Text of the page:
Institutional Investors View Urban Student Housing As A Safety Play
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Student housing is long past being a niche market in commercial real estate, and at this late stage in the cycle, it may become even more central.
Even as challenges mount in both development and investment, student housing continues to get built in many forms across the country and is increasingly viewed as a safe place for capital when the economy takes a turn for the worse, according to panelists at Bisnow’s National Student Housing Conference at the Westin Philadelphia on June 5.
Because of the relatively inelastic demand, the sector is now a popular target for institutional investors like pension and sovereign wealth funds, Landmark Properties CEO Wesley Rogers said. The right kinds of student housing can now be considered defensive investments, according to Rogers.
“Our investors are typically expecting lower returns, with the sovereign wealth funds targeting initial rates of return in the single digits,” Rogers said. “And they prefer the high-rise deals in markets they consider to be fortresses.”
Such entities have deep reserves of capital and a low appetite for risk, and as such have traditionally been associated with long-term investments in the most desirable buildings in the largest markets. Student housing is now a real part of that conversation, right along with legacy hotels and trophy office buildings.
Institutional involvement has put such a premium on prime student housing that CA Ventures Executive Vice President Brian Thompson believes foreign investors are “artificially compressing cap rates” in the sector.
“I’m not sure revenue growth warrants where cap rates and values are today, because foreign capital is chasing deals and perhaps overlooking some of the missed revenue projections,” Thompson said. “[Student housing] is generating interest irrespective of the fundamentals in the space.”
Thompson and other panelists agreed that cap rate compression has room to intensify in the near future due to continued economic growth and the vast amount of capital still waiting to be deployed. Perhaps because of its relative newness, student housing still has better growth projections than nearly all other asset classes that would draw institutional interest, Thompson said.
“Wherever you think cap rates are across the U.S., the yields that student housing is generating are better than for other assets,” Thompson said. “And that’s why there’s room for cap rates to shrink, because you’re still better off investing in student housing here than office in Germany. We can argue about where the rates are, but they’re still better than the alternative.”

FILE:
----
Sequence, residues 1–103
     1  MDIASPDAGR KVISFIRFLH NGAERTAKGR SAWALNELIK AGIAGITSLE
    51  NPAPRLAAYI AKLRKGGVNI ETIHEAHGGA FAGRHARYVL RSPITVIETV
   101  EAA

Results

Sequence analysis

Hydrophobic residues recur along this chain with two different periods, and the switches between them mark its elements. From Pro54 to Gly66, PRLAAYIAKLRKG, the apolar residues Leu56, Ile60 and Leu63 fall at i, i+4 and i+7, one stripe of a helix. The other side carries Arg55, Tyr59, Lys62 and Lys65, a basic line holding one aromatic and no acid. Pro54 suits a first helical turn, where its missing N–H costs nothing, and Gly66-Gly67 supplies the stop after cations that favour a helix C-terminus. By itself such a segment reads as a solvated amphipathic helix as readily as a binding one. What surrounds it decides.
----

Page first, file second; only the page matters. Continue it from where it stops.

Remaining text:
Though many institutional investors want to acquire stabilized assets for minimal risk, CA Ventures and Landmark both have deals in place with such funds to partner on new developments — a crucial asset, considering how construction prices have exploded recently.
“We’ve definitely seen a significant shift in the last year or two years for construction costs and land costs,” Rogers said. “So we’re having more trouble making urban infill deals pencil ... But what projects we have done there, the deal size is growing because they’re in major metropolitan areas with rents needed to justify the cost of construction.”
The rising cost of materials like steel is one of the biggest factors in driving construction prices up, which puts developers in a bind. In order to entice the biggest investors, they need to pick projects that are pricier to build even on a per-SF basis. Advancements in building technology surrounding the use of lumber have some optimistic about a workaround.
“There’s going to be one significant change in construction,” Pierce Education Properties CEO Fred Pierce said. “Fifteen years ago, you didn’t see a [concrete] podium construction with five wood floors above it, and now that has swept the nation. Once high-rises become wood structures and they’ve been done enough for contractors to get familiar with it, it may make more urban mid-rise stuff comparatively more affordable.”
The comfort level of contractors is a sticking point at the moment, Rogers said. The podium-and-wood projects Landmark has built have given it the most problems, from delays to cost overruns, due to the difficulty in finding reliable subcontractors and keeping them around for the length of a construction job.
Delayed construction has always been a bigger deal in student housing than many other parts of commercial real estate due to school year schedules. If one project is delivered late, it can materially affect pre-leasing for the next one.
“The perception of a new development, even if we believe it’s on schedule, from a 19- or 20-year-old college student is that it won’t be ready," Peak Campus President of Development Jeff Githens said. "And we believe that’s more prevalent than it used to be.”
Even as other challenges continue to mount, like the struggle to keep retail spaces occupied, student housing appears to be the safe bet that institutional investors make it out to be, at least in prime markets and around large universities. The stable demand suits such investors that are looking to protect their capital over a longer horizon to outlast a potential recession.
“Maybe as opposed to some private equity sources that are more opportunistic, we look at things with more of a 10-year lens than a three-year lens, which allows us to deal with some of the cracks that may appear,” Thompson said.